“77% of Black influencers fall into the nano and micro influencer tiers (under 50K followers) where compensation from brands averaged $27,000 annually (versus 59% of white influencers).”
The theme’s usage of the word lexicon is ironically apt, considering that the majority of the looks that ascended the Metropolitan Museum of Art’s steps require some sort of tool other than fashion as language to decode their substance and raison d’être. Perhaps a better theme for the amalgamation of fabric and stitches donned that night would be: “In America: A Lexicon of Confusion and Calamity”.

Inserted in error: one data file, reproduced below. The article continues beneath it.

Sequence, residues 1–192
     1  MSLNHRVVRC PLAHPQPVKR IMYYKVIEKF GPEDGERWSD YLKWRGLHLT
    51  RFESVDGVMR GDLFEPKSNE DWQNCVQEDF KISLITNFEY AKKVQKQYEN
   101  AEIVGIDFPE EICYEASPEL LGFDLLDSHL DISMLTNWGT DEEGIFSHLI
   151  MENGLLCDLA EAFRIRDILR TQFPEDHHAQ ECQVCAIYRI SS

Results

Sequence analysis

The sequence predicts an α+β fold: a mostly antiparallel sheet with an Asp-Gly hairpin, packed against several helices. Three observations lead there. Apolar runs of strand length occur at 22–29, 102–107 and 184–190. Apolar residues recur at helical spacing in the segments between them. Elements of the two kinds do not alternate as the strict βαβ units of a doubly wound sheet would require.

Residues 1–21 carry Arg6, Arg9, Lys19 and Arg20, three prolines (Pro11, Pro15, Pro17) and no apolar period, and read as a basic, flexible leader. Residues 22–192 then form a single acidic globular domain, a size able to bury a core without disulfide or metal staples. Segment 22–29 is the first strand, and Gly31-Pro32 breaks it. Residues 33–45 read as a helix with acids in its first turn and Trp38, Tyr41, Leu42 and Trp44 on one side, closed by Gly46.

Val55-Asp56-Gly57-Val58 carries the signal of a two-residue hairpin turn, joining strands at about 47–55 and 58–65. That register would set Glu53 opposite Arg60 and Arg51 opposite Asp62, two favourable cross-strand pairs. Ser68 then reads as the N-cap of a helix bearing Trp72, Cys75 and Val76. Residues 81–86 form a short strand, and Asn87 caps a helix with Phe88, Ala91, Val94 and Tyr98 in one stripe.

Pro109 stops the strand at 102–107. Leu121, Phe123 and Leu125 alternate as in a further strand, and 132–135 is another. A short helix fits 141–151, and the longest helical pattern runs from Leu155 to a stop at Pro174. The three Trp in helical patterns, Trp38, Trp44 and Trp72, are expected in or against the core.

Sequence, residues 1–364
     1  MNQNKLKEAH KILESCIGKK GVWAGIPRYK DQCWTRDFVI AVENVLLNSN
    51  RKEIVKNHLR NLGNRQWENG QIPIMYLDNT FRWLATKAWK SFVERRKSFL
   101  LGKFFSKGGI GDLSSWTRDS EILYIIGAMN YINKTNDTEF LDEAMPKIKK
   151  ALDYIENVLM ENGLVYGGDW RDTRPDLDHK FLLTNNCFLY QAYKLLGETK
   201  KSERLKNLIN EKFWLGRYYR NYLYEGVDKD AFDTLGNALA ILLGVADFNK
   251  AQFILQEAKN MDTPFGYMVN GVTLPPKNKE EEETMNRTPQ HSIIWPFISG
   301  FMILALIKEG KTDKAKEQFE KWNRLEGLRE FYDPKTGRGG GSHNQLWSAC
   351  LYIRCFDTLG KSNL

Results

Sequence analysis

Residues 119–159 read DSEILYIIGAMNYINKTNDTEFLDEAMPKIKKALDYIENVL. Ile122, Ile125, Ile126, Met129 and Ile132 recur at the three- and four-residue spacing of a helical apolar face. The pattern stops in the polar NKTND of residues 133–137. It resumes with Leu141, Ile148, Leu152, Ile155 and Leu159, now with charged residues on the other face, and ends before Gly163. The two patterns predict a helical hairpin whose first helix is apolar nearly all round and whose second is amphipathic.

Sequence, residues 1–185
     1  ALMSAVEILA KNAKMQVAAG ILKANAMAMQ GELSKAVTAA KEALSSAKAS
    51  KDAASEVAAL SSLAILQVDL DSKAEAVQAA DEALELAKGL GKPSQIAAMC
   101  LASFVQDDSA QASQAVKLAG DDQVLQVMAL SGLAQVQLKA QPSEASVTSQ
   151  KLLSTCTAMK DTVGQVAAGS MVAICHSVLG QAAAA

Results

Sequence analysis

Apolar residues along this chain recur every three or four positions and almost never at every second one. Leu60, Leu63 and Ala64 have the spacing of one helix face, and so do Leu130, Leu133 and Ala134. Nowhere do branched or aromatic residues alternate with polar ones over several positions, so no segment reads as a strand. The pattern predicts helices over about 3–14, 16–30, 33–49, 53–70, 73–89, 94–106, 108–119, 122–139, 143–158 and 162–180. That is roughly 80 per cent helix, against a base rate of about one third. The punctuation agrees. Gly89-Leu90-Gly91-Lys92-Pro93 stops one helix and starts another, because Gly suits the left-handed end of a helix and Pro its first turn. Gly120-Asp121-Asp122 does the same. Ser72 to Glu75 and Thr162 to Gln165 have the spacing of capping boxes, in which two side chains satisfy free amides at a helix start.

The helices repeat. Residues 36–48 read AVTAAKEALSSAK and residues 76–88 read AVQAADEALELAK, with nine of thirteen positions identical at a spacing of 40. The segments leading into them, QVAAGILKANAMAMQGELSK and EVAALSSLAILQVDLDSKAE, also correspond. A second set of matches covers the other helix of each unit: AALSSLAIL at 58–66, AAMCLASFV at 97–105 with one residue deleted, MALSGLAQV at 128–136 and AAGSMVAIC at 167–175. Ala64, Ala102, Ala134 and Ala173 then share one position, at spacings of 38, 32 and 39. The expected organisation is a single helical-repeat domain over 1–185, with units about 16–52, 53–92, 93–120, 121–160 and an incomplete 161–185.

The reasoning behind Wintour’s sudden sympathy for Black people is allegorical to what some claim is the bedrock of fashion: trend.
Beyond my superficial connections to the former creative director of Vogue, my admiration for Talley comes from the respect I owe him for existing in an industry that has historically had little-to-no room for men who look like me. However, what is even more important to me is Talley’s permanence as a cautionary tale about the whims and woes of the fashion world for Black people and, more specifically Black men.